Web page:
Size: £100m turnover.
Location: Nine UK offices and 70 offices globally in 40 countries across Europe, CEE, the US, the Middle East and Asia Pacific (research only applies to UK offices)
Specialism: Public relations, public affairs, investor relations and events management
Key accounts: Key corporate clients include Lloyds TSB, Accor Hotels, Economist Intelligence Unit, Northgate Public Services, DHL, Western Union, Kelly Services, Indesit Company, London City Airport and Nabucco gas pipeline
Most Rated Agencies snapshot: Among the top five agencies most rated overall by business journalists, Grayling is scored higher than some of the biggest names in corporate PR. Journalists rate Grayling people particularly highly for giving them background briefings.
How I see it - by md, corporate, Mary Whenman
What the journalists say
About the agency
"Individuals I speak to pitch appropriately and know the magazines I regularly write for. They often respond to Response Source requests I send out with good ideas for people I can interview for stories"
About Billy Partridge, Director, Grayling Scotland
Since Grayling was formed three years ago, we have gone from a standing start to being PR Week’s 4th Most Rated Agency for Corporate, an achievement which none of us could ever have imagined possible.
Our goal is to build a world class team. Yet despite the increasing sophistication of reputation management, what still sits at the heart of what we do is telling corporate stories through media relations. To have 870 business journalists tell us that the ‘quality of our briefings’ and our ‘accessibility’ is what they admire the most about Grayling’s corporate communications consultants is testament to the focus we place on getting our storytelling right.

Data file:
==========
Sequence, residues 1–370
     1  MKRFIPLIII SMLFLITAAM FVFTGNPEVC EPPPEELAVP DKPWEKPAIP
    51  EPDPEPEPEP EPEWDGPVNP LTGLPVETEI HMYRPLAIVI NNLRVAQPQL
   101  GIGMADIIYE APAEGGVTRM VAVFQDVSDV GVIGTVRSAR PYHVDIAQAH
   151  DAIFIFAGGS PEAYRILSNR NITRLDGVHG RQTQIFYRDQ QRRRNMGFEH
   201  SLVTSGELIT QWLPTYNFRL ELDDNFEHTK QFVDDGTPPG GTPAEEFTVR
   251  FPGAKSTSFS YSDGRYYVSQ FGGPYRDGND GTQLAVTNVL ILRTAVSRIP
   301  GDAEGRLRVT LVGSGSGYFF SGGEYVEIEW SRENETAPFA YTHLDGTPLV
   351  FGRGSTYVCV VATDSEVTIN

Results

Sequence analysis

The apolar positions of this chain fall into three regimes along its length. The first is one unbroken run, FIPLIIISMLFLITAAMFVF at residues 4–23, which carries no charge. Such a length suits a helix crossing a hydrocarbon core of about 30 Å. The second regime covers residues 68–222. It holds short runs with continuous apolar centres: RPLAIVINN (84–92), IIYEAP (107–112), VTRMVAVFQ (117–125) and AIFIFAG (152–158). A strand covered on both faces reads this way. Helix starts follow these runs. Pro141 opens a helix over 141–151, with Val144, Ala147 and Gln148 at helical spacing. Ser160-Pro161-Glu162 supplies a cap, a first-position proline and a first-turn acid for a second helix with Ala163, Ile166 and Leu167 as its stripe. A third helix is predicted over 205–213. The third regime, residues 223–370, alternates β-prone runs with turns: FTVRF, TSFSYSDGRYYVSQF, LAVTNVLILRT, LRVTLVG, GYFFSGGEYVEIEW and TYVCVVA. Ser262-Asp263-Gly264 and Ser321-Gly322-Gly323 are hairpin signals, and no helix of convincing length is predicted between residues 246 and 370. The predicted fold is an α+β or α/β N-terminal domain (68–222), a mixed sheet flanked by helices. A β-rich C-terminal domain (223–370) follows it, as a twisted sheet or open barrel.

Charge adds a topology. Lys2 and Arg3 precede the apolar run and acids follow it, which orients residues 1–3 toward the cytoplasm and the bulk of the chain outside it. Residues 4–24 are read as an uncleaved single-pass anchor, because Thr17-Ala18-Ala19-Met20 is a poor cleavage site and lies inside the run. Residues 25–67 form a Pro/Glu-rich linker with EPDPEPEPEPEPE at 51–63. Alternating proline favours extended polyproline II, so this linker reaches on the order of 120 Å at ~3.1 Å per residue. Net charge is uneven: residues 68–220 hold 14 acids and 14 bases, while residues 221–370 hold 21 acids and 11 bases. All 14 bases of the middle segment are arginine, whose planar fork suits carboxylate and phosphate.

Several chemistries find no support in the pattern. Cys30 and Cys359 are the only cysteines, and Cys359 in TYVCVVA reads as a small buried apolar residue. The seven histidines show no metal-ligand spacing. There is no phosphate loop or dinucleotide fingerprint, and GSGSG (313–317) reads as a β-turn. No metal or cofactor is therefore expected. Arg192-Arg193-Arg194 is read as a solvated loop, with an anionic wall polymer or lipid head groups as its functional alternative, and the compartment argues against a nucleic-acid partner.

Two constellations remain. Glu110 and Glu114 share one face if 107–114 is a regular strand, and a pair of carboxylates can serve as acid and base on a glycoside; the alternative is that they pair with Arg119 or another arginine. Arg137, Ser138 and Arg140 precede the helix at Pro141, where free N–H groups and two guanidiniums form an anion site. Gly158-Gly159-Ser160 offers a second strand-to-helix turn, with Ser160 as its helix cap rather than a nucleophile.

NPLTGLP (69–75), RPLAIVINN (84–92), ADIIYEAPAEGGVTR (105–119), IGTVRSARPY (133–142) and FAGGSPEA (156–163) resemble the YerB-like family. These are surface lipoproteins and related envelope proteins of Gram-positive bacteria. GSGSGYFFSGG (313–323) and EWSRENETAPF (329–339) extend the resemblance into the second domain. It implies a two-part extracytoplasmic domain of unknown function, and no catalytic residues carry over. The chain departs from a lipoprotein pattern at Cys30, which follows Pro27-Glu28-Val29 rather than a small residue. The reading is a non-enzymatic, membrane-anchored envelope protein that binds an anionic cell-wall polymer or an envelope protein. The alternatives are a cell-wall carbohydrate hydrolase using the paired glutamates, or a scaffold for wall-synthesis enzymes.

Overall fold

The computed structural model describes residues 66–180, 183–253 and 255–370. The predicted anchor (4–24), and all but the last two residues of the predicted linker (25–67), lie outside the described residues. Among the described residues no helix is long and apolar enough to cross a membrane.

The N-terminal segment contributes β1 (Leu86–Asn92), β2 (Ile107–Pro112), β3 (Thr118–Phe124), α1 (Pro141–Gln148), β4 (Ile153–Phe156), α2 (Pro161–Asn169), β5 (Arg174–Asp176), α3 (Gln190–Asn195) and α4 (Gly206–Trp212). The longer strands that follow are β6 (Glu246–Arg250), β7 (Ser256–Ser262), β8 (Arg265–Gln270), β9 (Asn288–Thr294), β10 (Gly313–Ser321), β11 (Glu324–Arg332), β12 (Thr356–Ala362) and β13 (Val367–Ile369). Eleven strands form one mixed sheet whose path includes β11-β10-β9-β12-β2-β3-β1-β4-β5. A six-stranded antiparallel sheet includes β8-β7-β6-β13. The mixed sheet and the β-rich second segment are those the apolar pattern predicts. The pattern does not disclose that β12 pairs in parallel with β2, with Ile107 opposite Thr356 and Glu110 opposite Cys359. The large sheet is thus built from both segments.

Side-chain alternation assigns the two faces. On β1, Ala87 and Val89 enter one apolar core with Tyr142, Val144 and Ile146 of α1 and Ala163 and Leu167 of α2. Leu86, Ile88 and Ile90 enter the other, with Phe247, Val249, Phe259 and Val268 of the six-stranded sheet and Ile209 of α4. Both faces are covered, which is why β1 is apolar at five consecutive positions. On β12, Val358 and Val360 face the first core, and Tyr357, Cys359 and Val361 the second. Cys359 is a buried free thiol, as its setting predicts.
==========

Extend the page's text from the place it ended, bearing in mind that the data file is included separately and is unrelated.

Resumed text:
Despite being a global agency, it is not all about London. We have teams delivering corporate media relations across our network of UK offices with our Edinburgh office being rated particularly highly in the survey - proving you don’t have to sit in the City or the West End to deliver outstanding corporate communications.
Media-handling tips - by director Billy Partridge
I greatly admire the journalists I work with. It is not easy receiving hundreds of unsolicited calls and emails every day and still maintaining your dignity. The Leveson Inquiry has unfairly and disproportionately tarnished the collective - most journalists I meet are passionate about their newspaper, website or programme and strive to develop meaningful content to set their outlet apart. Those I know have unwavering personal pride in their profession - something sadly dented by both Leveson and a lack of investment from media owners.
I have always enjoyed pitting my wits against journalists. Once your story is out there, you enter a kind of tacit complicity with hacks - my word versus your healthy scepticism, but a cocktail that could benefit both parties. That said, I have never assumed a story will perform better thanks to a healthy relationship. No relationship is bigger than the story, and that is why we never push stories to journalists that lack news value. It will do you more harm than good, swaying that complicity in favour of scepticism, when all we really want is for someone to believe in what we have to say.